Some analysts are making the case that it’s time to look outside the U.S. at stocks in non-U.S...
Understanding Breakout Patterns
03/02/2015 6:00 am EST
Mastering how to use price action in multiple times frames will increase your trading profits, writes Greg Capra of Pristine Capital Holdings, Inc.
A breakout occurs when prices are able to clear a prior price area that has been a point of resistance in the past. But this doesn't mean all breakouts are the same. A breakout can occur after a decline that is followed by a period of whippy consolidation-that in time "tightens up." It can occur in one fast move from a low to and above a prior high. Not the ideal entry. It can also occur after a rally that is followed by a period of consolidation. Consolidations can happen in various forms, a base being the most widely used. Ideally, a tight base or a tightening in the last few bars occurs just prior to the breakout. Let's review some examples.
Chart of Fast 100 % Retracement
In the above example, prices began to move up after a retest of the prior low and rallied all the way back up to the prior resistance area. The second to last candle that formed was a topping tail (TT) that signaled that sellers are focused on the prior high area-resistance. However, the next candle ignored the TT, or in other words, buyers continued to step up regardless of the prior resistance area; a bullish sign.
Prices could continue higher above the prior high and the supply of shares there. But without a small period of consolidation that would display buyers "absorbing" that supply, the likelihood of a retracement into the prior rally is high. Absorbing that supply reduces the possibility of a breakout failure. Some buyers that own shares from lower prices are going to sell at resistance after such a move. If prices move above the prior high without a stalling first, many more are going to cash in on the quick profit.
Buying a breakout after a straight through rally above the prior high from a low can be done, but not without a stop-loss based on the move. The size of the stop and share-size must take into consideration the retracement that is more than likely to occur.
Chart After a Multiple Bar Run
In the above example, prices rallied from a base after the signal bar formed. The initial move stalled for moment (shaded area) where the opens and closes of the three candles are overlapping. These overlapping opens and closes are a base on a lower time frame. This is where buyers will step up on a pullback, should that occur. That pullback did not occur here, rather buyers continued to step up above that level and form a new pivot low; a bullish sign. That low provided a new support reference point that was taken advantage of on the rested.
NEXT PAGE: Uncertainty Turns to Certainty|pagebreak|
The last bar engulfed the most recent candles, which is bullish and tells us that buyers are anticipating a breakout above the recent resistance. Large bullish engulfing bars like the one seen are typically followed by a smaller candle or candles. Typically doesn't mean always, especially with this pattern since the bullish bar came after a period of consolidation and retest.
Chart of Uncertainty Turns
In this example, prices broke out of a whippy consolidation and while there were clues that shares were being accumulated, there was no clear signal bar of the breakout occurring at that moment as there was in the prior example. This long period of uncertainty was followed by two bullish wide range bars (+WRB) signaling huge increase in buyers and higher prices.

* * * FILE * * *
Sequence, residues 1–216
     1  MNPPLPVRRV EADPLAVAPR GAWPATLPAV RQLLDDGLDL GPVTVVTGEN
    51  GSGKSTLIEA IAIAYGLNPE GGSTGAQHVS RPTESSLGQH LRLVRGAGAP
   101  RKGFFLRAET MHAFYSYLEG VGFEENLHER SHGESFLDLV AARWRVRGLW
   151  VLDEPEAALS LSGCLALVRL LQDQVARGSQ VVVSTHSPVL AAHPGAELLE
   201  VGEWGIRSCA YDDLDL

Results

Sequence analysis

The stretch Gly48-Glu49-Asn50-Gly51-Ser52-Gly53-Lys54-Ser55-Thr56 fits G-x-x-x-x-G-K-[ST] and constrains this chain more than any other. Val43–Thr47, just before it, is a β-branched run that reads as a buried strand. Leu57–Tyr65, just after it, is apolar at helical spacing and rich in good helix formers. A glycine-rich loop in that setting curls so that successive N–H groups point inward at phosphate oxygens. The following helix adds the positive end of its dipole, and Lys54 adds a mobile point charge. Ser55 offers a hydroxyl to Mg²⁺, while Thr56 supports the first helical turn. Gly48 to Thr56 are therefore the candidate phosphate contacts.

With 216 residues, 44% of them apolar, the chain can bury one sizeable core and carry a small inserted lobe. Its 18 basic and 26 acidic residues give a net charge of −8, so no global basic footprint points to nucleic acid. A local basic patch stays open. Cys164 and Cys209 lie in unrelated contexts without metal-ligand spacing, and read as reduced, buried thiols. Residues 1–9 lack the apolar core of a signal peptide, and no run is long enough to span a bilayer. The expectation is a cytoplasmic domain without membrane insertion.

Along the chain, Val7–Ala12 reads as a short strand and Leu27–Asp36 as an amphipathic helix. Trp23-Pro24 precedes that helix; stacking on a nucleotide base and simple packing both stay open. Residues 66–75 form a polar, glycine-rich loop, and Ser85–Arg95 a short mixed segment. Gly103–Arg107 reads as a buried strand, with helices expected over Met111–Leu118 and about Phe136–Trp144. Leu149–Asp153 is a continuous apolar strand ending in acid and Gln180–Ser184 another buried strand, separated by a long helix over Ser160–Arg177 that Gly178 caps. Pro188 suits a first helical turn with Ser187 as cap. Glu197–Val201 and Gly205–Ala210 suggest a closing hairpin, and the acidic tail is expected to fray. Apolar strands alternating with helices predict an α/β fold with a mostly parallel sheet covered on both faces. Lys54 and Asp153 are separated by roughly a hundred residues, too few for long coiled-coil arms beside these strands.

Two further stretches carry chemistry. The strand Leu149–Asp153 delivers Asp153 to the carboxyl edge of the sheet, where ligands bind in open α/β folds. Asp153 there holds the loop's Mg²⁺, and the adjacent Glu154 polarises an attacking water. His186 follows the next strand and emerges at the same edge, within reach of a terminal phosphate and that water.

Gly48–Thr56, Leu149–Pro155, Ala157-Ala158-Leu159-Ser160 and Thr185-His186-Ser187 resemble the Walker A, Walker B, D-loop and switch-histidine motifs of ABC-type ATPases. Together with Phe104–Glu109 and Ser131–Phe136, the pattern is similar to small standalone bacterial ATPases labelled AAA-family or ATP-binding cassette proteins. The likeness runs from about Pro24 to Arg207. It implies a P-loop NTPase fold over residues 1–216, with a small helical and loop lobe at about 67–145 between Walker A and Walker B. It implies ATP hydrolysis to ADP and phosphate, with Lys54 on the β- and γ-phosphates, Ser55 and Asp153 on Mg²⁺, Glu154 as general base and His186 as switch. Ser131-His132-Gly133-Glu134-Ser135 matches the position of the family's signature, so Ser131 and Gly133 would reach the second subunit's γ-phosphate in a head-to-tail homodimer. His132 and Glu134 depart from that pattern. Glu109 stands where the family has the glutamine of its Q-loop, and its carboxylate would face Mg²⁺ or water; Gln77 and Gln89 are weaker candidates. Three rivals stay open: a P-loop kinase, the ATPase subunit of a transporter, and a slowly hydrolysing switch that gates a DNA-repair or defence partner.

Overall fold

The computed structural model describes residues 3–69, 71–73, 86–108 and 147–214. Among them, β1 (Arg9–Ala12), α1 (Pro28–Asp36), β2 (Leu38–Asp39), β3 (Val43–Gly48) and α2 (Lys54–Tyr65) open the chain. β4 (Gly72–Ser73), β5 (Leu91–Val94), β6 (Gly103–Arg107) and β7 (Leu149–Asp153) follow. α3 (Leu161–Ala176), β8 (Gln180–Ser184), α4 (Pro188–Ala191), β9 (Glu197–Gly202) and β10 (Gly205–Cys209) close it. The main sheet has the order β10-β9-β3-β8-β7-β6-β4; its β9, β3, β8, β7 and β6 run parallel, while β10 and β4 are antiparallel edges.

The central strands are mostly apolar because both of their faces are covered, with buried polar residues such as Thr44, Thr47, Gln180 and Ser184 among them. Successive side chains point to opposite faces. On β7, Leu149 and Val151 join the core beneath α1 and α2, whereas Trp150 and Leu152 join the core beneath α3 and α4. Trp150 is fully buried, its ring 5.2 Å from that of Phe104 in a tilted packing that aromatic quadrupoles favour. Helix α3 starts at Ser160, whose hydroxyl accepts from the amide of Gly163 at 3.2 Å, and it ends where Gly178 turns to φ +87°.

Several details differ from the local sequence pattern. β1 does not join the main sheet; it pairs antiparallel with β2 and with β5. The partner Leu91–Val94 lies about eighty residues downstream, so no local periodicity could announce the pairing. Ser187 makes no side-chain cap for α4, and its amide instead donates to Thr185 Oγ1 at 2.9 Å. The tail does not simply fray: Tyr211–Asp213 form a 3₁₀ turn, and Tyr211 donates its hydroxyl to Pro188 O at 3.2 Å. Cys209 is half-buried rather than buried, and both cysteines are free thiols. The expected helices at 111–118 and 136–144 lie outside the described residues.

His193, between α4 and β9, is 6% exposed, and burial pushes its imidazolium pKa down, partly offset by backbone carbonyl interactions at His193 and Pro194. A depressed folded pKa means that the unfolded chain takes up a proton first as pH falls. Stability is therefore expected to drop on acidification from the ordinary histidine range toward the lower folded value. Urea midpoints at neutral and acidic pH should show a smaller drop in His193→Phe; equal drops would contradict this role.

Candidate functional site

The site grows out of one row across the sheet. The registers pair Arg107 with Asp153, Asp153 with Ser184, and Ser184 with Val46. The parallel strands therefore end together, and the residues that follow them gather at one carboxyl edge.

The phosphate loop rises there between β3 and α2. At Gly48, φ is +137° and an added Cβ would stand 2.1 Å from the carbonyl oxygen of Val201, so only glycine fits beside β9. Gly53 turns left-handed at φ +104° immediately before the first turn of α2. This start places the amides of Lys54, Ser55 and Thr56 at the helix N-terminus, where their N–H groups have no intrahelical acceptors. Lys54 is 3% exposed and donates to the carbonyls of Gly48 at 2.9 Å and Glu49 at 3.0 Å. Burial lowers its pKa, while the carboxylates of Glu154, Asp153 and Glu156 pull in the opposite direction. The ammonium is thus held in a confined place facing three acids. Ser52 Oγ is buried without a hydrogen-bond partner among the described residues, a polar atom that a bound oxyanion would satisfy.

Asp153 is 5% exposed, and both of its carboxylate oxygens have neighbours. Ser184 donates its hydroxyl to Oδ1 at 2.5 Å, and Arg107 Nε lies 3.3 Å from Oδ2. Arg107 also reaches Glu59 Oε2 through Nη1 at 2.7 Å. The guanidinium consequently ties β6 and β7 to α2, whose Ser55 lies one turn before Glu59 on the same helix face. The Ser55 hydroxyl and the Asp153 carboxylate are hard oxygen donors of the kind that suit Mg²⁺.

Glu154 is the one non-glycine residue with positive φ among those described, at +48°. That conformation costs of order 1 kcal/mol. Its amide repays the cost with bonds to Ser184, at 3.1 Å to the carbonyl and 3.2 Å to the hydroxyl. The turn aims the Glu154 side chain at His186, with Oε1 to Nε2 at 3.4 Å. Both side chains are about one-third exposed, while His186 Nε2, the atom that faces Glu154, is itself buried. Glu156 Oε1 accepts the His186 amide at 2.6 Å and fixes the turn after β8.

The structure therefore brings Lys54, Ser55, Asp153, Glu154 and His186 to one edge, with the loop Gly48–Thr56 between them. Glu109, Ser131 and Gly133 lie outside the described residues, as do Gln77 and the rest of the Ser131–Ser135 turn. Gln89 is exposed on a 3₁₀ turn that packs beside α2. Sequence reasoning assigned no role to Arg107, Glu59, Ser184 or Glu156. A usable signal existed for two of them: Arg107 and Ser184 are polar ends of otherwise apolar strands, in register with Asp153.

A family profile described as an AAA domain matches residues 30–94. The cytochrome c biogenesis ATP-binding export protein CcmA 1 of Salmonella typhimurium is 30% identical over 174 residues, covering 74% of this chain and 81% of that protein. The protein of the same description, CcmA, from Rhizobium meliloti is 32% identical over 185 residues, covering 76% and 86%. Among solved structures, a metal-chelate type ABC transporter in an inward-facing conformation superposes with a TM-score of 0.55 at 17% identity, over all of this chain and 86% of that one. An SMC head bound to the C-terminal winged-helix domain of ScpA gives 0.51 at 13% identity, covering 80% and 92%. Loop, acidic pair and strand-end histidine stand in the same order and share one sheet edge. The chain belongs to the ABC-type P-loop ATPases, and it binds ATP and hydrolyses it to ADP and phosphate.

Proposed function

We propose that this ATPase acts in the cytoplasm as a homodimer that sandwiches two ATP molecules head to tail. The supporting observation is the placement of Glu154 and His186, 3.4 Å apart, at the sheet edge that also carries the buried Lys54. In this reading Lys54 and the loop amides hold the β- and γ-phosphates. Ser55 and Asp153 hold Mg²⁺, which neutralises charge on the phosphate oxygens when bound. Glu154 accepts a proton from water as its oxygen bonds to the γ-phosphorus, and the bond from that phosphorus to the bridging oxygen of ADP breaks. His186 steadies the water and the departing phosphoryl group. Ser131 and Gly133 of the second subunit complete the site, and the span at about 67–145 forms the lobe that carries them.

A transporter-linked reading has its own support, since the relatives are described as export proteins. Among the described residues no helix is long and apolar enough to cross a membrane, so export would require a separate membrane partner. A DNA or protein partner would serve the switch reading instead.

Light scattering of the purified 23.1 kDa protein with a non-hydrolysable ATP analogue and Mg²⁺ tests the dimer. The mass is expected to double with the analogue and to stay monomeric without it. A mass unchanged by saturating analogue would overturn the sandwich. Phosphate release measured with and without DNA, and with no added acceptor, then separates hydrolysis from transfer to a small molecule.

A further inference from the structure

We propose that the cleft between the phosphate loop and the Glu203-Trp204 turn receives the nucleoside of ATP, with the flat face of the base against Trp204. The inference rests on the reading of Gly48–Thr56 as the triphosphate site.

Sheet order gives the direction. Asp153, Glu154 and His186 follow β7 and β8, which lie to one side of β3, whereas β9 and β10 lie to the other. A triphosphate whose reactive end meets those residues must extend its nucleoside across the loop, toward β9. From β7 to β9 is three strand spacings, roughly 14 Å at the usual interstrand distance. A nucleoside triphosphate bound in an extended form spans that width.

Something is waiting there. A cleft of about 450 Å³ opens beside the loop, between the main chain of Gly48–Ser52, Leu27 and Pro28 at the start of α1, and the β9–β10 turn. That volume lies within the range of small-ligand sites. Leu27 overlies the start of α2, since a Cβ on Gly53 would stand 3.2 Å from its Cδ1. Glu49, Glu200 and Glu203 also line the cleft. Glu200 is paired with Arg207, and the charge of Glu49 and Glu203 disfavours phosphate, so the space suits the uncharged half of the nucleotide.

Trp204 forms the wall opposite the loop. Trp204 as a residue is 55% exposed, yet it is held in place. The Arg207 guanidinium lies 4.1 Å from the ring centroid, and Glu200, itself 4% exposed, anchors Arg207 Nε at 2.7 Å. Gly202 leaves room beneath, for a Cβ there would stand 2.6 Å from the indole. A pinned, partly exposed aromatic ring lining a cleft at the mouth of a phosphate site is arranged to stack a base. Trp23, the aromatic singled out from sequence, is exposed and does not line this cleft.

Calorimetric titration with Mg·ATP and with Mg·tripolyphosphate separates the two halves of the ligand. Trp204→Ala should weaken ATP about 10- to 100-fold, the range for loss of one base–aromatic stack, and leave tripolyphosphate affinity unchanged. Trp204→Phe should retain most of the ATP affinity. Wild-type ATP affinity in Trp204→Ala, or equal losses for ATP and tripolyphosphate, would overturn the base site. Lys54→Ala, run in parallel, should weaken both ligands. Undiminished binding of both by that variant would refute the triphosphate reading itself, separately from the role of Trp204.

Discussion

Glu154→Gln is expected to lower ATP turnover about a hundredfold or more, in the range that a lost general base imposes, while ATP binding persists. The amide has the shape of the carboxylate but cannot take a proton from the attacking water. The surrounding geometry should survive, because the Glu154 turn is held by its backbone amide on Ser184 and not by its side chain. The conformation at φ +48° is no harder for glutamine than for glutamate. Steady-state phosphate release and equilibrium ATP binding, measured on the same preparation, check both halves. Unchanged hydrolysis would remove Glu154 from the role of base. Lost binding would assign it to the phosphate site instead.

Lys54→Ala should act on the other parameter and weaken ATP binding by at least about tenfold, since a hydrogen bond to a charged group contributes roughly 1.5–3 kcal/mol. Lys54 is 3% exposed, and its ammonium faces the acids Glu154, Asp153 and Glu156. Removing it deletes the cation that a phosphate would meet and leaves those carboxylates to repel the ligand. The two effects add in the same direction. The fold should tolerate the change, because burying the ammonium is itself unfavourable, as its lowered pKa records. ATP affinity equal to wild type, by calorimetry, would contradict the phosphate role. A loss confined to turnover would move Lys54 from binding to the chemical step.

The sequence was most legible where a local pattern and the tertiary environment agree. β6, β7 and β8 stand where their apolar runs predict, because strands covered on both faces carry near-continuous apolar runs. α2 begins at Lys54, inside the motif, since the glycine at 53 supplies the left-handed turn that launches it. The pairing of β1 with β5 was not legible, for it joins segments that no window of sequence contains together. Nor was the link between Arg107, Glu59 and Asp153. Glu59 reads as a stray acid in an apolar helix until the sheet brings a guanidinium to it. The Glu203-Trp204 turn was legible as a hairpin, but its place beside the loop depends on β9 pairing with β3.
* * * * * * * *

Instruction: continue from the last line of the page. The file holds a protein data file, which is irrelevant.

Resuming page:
Fast, igniting moves like this create a void of price support below. However, this pattern (two +WRBs out of a consolidation) is less likely to correct by pulling back since the move began from a consolidation. It is also less likely for prices to base or consolidate for a long time for the same reason. The last candle in the pattern actually signals the low of the correction after the +WRBs and higher prices-a breakout-will follow soon.
Charts of All
I have shown you the same stock Boeing (BA) in different time frames and explained how to interpret the price movement in those time frames. Traders using these time frames or others could potentially enter BA on signals that come together at the same time. This is what makes for explosive moves when they happen. However, each could also enter at different times depending how the patterns developed from here. For example, the traders using the weekly time frame could enter on the next candle's move above the high, which could happen immediately. To the trader on the hourly time frame that entry would not be ideal since there is no clear reference support level to use as stop-loss because of the straight up momentum move. Also, such a move would certainly setup other new entry points in the hourly time frame or other lower ones.
All traders can have the same bias, but entering at very different times. All entries can be right for that trader in their time frame of choice with confirming price patterns.
Intra-day traders use signals from higher time frames for a bias and then trade signals (price patterns) in a lower time frame in alignment with that bias.
I hope this Chart of the Week (COTW) has given you what we call a "light bulb moment." The understanding of price movement in multiple times frames and how to use them will increase your investing, swing trading, and day trading profits.
By Greg Capra, President & CEO, Pristine Capital Holdings, Inc.
Related Articles on MARKETS
I am going to do something a little different from my usual articles and start with my perspective o...
Stocks remain strong Friday after posting a fresh new record high, the first for the Dow (DJI) since...
Bill Baruch, president and founder of Blue Line Futures, previews E-mini S&P, Gold, Crude, and T...